Difference between path.normalize and path.resolve in Node.js


Question

What is the difference (if any) between path.normalize(your_path) and path.resolve(your_path)?

I know path.resolve(...) can accept multiple arguments, but is the behavior with a single argument the same as calling path.normalize()?

EDIT: If they are supposed to behave the same way, I don't understand the purpose of exposing the path.normalize(...) function when you can simply pass the path into path.resolve(...) Or, maybe, it's for documentation purposes. For example, they say in the documentation for path.resolve(...):

... The resulting path is normalized, and ...

Exposing the path.normalize(...) makes it easier to explain what "normalized" means??? I dunno.

1
81
5/30/2012 7:57:54 PM

Accepted Answer

path.normalize gets rid of the extra ., .., etc. in the path. path.resolve resolves a path into an absolute path. Example (my current working directory was /Users/mtilley/src/testing):

> path.normalize('../../src/../src/node')
'../../src/node'
> path.resolve('../../src/../src/node')
'/Users/mtilley/src/node'

In other words, path.normalize is "What is the shortest path I can take that will take me to the same place as the input", while path.resolve is "What is my destination if I take this path."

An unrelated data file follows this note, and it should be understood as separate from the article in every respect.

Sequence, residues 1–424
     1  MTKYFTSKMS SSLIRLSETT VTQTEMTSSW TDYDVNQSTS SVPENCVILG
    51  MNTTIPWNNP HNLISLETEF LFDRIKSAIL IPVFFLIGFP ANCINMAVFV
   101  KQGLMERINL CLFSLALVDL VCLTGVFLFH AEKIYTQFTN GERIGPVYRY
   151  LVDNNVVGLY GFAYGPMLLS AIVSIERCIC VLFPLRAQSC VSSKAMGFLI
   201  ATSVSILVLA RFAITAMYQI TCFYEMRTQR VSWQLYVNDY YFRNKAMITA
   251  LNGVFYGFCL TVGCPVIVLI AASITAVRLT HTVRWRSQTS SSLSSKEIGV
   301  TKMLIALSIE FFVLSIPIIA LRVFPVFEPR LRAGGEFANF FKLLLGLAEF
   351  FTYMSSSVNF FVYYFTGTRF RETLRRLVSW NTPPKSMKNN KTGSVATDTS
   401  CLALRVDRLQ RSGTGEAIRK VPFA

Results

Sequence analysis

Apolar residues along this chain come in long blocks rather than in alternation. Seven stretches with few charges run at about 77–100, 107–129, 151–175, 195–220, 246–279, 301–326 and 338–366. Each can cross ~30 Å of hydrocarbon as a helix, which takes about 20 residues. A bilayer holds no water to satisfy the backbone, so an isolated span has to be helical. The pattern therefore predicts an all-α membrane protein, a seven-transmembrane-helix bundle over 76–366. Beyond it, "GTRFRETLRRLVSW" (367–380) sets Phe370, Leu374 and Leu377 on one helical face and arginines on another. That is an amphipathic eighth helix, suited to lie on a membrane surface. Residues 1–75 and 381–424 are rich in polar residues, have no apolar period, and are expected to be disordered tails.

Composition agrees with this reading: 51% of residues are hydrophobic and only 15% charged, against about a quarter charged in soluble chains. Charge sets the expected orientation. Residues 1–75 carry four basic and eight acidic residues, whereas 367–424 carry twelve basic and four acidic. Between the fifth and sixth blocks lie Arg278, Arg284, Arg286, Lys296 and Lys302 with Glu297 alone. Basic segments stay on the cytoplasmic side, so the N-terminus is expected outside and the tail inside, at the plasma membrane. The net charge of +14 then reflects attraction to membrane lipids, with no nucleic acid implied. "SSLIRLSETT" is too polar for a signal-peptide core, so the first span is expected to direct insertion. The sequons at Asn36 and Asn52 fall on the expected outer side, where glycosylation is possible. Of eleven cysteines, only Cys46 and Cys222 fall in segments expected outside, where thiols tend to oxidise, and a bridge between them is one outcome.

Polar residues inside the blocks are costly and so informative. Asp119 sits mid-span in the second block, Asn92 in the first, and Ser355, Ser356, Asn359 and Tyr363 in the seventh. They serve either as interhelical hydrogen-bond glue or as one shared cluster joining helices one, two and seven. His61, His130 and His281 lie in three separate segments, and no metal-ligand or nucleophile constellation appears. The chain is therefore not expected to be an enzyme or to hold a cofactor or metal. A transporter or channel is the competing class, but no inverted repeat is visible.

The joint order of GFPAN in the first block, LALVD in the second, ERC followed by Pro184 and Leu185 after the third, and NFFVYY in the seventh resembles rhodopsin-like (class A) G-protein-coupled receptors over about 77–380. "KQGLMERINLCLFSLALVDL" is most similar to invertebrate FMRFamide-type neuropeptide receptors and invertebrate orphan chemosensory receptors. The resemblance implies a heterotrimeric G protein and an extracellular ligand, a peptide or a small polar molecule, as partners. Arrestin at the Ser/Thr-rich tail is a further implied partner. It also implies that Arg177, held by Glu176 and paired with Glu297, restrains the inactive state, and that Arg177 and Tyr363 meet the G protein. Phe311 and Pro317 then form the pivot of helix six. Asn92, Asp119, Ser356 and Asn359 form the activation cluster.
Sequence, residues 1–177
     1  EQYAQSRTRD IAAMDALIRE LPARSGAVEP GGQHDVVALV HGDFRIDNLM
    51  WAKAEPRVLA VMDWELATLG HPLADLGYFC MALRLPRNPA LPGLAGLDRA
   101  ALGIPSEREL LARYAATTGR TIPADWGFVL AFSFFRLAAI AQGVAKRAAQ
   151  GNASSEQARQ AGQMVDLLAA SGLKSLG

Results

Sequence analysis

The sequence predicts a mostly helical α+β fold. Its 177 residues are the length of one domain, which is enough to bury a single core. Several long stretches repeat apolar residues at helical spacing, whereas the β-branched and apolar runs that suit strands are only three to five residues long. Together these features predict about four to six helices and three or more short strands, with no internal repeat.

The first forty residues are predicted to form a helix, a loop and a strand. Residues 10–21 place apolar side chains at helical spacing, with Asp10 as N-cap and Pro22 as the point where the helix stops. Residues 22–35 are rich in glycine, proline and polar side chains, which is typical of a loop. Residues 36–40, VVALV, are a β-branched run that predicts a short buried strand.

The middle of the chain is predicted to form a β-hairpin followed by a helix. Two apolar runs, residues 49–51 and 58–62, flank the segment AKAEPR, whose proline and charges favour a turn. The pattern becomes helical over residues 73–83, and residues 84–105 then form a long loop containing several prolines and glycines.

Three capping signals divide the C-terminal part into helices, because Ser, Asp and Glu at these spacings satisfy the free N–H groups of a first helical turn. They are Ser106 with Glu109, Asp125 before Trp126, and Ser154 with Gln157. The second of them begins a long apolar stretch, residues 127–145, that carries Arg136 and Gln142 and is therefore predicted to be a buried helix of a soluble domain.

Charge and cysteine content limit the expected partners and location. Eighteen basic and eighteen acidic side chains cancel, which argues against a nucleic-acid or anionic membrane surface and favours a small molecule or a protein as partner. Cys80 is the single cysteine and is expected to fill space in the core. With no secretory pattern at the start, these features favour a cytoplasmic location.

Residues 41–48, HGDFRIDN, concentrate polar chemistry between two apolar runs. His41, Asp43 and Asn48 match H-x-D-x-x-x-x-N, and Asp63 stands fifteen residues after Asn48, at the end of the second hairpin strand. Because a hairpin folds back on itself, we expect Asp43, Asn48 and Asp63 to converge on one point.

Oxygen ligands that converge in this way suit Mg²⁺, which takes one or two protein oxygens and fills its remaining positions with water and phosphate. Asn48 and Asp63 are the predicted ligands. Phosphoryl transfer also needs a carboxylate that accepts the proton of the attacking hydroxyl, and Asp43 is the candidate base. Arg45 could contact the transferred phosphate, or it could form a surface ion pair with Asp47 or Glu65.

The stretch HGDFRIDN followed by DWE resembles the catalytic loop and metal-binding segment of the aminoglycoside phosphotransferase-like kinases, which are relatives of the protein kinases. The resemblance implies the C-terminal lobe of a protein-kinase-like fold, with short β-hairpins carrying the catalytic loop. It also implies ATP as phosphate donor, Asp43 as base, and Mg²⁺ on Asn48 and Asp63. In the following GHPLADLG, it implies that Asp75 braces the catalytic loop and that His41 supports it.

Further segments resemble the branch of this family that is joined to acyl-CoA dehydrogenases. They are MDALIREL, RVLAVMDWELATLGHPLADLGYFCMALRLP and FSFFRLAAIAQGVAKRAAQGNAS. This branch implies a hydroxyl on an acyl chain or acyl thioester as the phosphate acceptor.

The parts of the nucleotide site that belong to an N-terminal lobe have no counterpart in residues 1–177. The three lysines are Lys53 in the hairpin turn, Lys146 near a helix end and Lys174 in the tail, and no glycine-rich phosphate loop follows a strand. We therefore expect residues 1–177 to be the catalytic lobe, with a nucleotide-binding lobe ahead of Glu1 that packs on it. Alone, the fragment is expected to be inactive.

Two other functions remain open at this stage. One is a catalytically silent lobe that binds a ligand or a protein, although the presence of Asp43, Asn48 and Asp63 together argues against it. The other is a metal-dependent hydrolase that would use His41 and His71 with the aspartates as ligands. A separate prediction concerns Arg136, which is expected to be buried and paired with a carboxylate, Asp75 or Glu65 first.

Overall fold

Note however that path.normalize() is much more context-independent than path.resolve(). Had path.normalize() been context-dependent (i.e. if it had taken into consideration the current working directory), the result in the example above would've been ../node, because that's the shortest path one could take from /Users/mtilley/src/testing to /Users/mtilley/src/node.

Ironically, this means that path.resolve() produces a relative path in absolute terms (you could execute it anywhere, and it would produce the same result), whereas path.normalize() produces an absolute path in relative terms (you must execute it in the path relative to which you want to calculate the absolute result).

174
7/30/2018 8:26:19 PM

From the docs:

Another way to think of resolve is as a sequence of cd commands in a shell.

Links to path.resolve and path.normalize in the documentation. I mostly don't want to just provide links in an answer but the Node.js docs are very decent.


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